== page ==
I suppose, given the recent conversation, I should come clean and explain why I am modelling Pembroke.
My interest in the Canada Atlantic Railway started in my late teens. I was certainly influenced by Niall MacKay’s excellent book, “Over the Hills to Georgian Bay.” But, if I am honest, I was thinking at the time about modelling the current railroad scene. Even today, there is something that stirs me about a lashup of striped CN diesels; it all went downhill when they dropped the stripes.
This was in the late eighties, and Jack Burgess was a frequent contributor to the modelling press. I really admire Jack’s modelling, but the one thing that stood out for me is that Jack’s name was kind of synonymous with the Yosemite Valley Railway. Wouldn’t it be cool to have your own railroad!
Now, being Canadian, there were only a few modern railroads to consider: nobody could consider CN or CP their own as there are hundreds of people around the world modelling them. There was BC Rail, which was so far away it may as well have been on another planet. I looked for a time at the Algoma Central, but failed to find it interesting (it has a great story, so I don’t know why). Many of the other regional railroads were too remote or difficult to research in these days before the world wide web. However, if you cast your net back in time, there are hundreds of railroads in Canada, and most of them are not modelled at all!
So, I looked around and found the Canada Atlantic. This line not only ran nearby to where I grew up, but also ran through some favourite Ottawa Valley towns, like Renfrew, Barry’s Bay and into Algonquin Park. I confess that at the time I thought the dearth of information would be kind of liberating, allowing me to freelance what I liked. So little was known, that there was nobody who would call me a liar!
I began to research the line, and have since sunk many hours into that pursuit, to the point that it would be difficult to abandon it. What emerged was a fascinating story of industrial empire at the coming of age of our country. I also came to appreciate the benefits of modelling an earlier era, despite the challenges (more on that another time).
Having said that, I don’t feel compelled to tell the story of the CAR in the same way that I think others do, or indeed the way Jack Burgess seems to be. I think what motivates me to model the Canada Atlantic is that I am the only one (as far as I know, please shout if you are also!) really doing it.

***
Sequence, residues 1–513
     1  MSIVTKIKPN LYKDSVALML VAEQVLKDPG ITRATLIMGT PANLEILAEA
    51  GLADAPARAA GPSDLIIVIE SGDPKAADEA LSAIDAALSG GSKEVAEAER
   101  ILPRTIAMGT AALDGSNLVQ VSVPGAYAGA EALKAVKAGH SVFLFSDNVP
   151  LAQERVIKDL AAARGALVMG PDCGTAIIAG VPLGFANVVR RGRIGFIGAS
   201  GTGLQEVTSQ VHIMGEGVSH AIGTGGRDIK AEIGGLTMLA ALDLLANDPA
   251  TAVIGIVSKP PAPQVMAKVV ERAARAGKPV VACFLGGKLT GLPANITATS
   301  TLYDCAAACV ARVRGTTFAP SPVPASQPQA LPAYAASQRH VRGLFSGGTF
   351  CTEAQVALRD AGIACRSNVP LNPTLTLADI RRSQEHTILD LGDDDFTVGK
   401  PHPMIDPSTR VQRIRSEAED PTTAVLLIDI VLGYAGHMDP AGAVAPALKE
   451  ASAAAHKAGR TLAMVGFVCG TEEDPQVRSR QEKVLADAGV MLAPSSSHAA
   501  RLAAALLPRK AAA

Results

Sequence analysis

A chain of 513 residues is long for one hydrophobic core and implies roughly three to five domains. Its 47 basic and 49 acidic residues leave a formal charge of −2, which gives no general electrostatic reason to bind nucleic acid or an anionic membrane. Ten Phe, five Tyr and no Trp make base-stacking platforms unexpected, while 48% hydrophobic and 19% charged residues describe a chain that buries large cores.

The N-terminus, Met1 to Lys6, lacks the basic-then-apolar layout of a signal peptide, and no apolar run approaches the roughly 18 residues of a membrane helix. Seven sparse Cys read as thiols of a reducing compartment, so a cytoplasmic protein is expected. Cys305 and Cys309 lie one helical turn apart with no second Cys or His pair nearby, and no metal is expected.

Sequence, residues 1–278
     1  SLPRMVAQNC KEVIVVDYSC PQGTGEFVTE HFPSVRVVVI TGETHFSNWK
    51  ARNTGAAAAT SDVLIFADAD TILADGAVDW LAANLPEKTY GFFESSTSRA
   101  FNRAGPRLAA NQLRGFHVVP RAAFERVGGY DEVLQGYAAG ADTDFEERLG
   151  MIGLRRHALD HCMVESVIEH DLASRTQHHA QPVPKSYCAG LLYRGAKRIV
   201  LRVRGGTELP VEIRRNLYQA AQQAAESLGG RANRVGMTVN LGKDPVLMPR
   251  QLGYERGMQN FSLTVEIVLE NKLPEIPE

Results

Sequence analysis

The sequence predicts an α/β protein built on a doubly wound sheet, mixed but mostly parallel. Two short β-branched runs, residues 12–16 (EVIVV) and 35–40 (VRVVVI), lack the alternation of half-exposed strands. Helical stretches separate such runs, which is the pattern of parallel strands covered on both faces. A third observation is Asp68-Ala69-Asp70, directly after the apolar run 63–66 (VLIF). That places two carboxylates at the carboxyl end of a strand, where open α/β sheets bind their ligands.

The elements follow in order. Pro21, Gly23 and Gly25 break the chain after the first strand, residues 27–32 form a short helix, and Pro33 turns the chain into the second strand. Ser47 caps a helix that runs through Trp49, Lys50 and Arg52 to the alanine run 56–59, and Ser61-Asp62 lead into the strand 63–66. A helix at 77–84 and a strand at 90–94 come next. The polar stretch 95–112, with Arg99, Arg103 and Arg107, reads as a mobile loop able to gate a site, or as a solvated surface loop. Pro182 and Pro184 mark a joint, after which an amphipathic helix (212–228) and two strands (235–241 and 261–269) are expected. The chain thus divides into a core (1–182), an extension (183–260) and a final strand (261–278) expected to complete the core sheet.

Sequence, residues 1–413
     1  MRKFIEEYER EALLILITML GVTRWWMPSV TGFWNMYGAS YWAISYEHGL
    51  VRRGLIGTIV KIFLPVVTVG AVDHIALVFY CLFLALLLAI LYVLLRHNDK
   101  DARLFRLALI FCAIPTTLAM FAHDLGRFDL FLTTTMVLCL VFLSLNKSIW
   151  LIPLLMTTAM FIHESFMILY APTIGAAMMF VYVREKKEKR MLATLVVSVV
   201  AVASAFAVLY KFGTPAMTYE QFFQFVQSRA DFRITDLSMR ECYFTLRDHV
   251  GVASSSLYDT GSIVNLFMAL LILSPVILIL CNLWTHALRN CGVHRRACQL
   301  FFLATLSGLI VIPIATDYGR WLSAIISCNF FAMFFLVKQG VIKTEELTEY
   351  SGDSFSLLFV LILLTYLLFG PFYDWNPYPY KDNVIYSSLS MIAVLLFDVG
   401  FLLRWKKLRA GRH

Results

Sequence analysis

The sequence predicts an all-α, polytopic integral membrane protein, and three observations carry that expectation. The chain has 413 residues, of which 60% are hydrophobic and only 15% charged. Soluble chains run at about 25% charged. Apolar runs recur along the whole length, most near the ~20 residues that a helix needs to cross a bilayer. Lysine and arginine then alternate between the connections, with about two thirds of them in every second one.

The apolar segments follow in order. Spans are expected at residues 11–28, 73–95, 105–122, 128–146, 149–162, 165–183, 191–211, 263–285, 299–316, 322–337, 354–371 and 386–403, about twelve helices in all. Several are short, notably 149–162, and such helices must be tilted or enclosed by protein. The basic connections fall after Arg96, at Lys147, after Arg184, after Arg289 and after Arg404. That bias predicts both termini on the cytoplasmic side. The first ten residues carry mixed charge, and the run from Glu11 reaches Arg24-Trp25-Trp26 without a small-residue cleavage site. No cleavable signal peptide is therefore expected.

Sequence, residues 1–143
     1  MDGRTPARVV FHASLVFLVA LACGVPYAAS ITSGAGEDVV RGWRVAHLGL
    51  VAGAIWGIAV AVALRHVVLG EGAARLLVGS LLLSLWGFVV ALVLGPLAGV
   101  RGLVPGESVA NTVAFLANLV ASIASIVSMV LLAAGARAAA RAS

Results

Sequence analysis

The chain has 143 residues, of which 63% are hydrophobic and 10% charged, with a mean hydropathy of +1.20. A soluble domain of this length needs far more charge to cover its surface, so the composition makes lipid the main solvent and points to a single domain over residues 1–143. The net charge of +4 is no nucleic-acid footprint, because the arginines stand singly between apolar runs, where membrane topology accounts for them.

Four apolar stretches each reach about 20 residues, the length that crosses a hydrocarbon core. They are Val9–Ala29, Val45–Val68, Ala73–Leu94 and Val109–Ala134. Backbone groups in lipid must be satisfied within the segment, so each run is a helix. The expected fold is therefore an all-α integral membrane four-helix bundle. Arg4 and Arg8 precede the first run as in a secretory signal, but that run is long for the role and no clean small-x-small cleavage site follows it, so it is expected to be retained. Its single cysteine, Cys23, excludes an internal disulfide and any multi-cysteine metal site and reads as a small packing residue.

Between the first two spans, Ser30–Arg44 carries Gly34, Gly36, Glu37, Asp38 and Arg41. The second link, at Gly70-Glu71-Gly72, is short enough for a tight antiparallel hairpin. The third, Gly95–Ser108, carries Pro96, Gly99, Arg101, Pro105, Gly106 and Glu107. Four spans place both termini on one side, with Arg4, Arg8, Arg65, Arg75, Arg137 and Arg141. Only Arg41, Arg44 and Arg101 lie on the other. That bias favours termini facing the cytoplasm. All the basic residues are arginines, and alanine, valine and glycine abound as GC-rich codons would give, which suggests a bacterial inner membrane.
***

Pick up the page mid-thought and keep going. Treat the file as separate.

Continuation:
Well, okay, that answers part of the question, but why Pembroke, itself?
The CAR was a big railroad, and during the grain rush, there was a train every fifteen minutes. I knew early on that it would take me time to amass a fleet to support such a scene, and so, a branch line is much more feasible. There were four branches – Parry Sound, Pembroke, Hawkesbury and Rockland. Pembroke was closest to my parents’ home, and the easiest to research.
Since then, it’s been a little like the relationship between Tevye and Golde in Fiddler on the Roof: I may not have started modelling Pembroke out of love, but after all these years, there is much to inspire me in this little town. I love stone and brick buildings, and Pembroke allows me to model the stone post office and the bridge, as well as several brick buildings along Pembroke Street. Then there are the big billboard signs, the dam (interesting story there) and a most unusual factory. Operationally, the interaction of the direct Ottawa train and the mixed trains also make Pembroke interesting.
As Simon pointed out, the answer to “Why Pembroke?” may really be “Why Not?” Perhaps if more modellers just picked a road, a place and a time and really observed them, and really stuck to them, they would find, like Tevye and Golde that the seemingly banal offers much to love and inspire.